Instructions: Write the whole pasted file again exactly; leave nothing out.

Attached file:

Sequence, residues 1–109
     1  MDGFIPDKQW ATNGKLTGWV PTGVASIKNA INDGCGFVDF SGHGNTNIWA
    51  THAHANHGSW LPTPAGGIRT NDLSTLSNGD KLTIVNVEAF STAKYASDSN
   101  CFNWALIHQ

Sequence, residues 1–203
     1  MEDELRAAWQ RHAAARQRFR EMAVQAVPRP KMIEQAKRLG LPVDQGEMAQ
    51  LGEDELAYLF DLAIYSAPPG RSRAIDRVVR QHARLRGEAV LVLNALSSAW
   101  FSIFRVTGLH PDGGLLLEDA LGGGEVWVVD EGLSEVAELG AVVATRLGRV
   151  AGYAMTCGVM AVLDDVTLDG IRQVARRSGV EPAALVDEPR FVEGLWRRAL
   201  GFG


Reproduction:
Sequence, residues 1–109
     1  MDGFIPDKQW ATNGKLTGWV PTGVASIKNA INDGCGFVDF SGHGNTNIWA
    51  THAHANHGSW LPTPAGGIRT NDLSTLSNGD KLTIVNVEAF STAKYASDSN
   101  CFNWALIHQ

Sequence, residues 1–203
     1  MEDELRAAWQ RHAAARQRFR EMAVQAVPRP KMIEQAKRLG LPVDQGEMAQ
    51  LGEDELAYLF DLAIYSAPPG RSRAIDRVVR QHARLRGEAV LVLNALSSAW
   101  FSIFRVTGLH PDGGLLLEDA LGGGEVWVVD EGLSEVAELG AVVATRLGRV
   151  AGYAMTCGVM AVLDDVTLDG IRQVARRSGV EPAALVDEPR FVEGLWRRAL
   201  GFG